CHICAGO — France will not extradite an American suspected of killing a dermatologist in Chicago last year, saying it cannot do so because he also is a French citizen.
Hans Peterson, who turned himself in to French authorities Aug. 6 on the Caribbean island of St. Martin, will be tried in a French court in the slaying of Dr. David Cornbleet, Emmanuel Lenain, a spokesman for the French Embassy in Washington, D.C., said Friday.
An arrest warrant was issued for Peterson in Chicago in the death of Cornbleet, who was fatally stabbed in his downtown office in October.
The French government told U.S. authorities it is refusing their extradition request because of proof Peterson is a French citizen, according to Bernard Murray, a spokesman for the Cook County state’s attorney office.
Cornbleet’s son, Jon, has alleged Peterson killed the physician after being prescribed an acne medicine that he believed made him impotent. Police and prosecutors have not publicly commented on a possible motive.
Suspect not chargedPeterson is a U.S. citizen, but he also is a French citizen because his mother is French, Lenain said. Peterson, 29, is being held in French-controlled Guadeloupe in the Caribbean, but he has yet to be charged, Lenain said.
Murray said France typically doesn’t extradite in cases where the suspect may face the death penalty. Peterson has not yet been charged in the case, so no potential penalty has been determined. The death penalty remains on the books in Illinois, though a state moratorium on carrying out executions has been in place since 2000.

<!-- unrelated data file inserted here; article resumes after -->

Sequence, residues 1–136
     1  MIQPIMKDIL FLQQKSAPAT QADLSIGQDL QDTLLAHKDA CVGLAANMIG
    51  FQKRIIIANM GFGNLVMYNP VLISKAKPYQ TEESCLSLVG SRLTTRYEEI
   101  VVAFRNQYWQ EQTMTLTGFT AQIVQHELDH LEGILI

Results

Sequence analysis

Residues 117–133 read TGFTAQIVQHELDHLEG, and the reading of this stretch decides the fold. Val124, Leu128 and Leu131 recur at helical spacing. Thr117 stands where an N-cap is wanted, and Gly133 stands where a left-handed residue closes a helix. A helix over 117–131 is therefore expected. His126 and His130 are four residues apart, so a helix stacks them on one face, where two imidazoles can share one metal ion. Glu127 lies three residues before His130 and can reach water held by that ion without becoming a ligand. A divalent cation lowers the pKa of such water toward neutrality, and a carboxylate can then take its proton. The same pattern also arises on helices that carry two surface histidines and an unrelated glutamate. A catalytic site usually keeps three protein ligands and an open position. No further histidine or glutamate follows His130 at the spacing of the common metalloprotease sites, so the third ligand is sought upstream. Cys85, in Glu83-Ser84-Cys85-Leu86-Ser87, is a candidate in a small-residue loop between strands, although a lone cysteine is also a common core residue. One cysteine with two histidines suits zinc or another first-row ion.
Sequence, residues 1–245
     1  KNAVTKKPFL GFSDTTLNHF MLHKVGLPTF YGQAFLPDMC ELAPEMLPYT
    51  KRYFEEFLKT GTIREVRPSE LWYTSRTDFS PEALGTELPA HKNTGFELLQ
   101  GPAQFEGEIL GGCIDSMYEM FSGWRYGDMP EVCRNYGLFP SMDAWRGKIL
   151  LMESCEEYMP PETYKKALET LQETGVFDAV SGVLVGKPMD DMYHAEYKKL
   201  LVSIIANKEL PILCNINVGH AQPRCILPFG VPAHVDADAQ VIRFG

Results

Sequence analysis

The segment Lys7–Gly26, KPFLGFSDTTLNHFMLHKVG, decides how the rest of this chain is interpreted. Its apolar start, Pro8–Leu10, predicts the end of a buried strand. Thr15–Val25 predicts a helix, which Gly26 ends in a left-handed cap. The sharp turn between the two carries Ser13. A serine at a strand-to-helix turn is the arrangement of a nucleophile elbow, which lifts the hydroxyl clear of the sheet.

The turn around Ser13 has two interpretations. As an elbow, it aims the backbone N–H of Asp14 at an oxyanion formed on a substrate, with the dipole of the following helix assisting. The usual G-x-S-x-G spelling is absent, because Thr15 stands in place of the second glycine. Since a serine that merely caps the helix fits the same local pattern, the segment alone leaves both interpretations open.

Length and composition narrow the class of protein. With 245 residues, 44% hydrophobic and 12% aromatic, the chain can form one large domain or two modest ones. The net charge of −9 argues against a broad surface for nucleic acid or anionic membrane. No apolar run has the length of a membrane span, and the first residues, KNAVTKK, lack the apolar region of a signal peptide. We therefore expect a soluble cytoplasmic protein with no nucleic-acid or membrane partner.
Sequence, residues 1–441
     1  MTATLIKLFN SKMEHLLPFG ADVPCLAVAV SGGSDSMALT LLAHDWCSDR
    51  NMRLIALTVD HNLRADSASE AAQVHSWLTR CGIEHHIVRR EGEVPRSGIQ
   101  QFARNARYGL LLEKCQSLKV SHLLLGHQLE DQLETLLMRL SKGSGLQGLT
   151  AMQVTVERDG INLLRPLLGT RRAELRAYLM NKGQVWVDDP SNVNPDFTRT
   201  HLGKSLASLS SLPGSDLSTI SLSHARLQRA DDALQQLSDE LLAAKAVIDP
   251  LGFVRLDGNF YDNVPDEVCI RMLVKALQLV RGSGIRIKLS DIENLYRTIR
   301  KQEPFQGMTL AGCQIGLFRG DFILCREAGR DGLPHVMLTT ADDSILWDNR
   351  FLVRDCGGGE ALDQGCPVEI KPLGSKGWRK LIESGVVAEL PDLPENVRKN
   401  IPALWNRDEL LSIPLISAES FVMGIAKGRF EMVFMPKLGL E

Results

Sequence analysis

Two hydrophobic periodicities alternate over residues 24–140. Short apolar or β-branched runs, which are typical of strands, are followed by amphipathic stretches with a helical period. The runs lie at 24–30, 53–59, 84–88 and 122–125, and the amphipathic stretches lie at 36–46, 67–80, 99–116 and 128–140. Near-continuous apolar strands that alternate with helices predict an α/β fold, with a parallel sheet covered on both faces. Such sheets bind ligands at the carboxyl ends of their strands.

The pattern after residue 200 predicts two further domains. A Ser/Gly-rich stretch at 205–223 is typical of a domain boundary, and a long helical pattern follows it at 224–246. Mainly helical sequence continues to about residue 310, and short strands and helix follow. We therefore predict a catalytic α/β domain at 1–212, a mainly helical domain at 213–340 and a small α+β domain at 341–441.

Lenain, however, said Peterson’s citizenship means the French will not extradite him no matter what penalty he could face in the U.S.
“It’s not a decision by our government, it’s just a legal provision in our law,” he said. “We can’t do it. We’ve never done it.”
Bob Milan, a Cook County prosecutor, said last week it is important that the suspect be brought back to Chicago rather than be tried in a French court.
“Their maximum for murder is 20 years and he would serve 16,” said Milan. “That’s unacceptable.”
Senators write to French Embassy
Illinois’ two U.S. senators, Dick Durbin and presidential candidate Barack Obama, have written to the French Embassy saying that Peterson should face prosecution in the U.S. in Cornbleet’s death.
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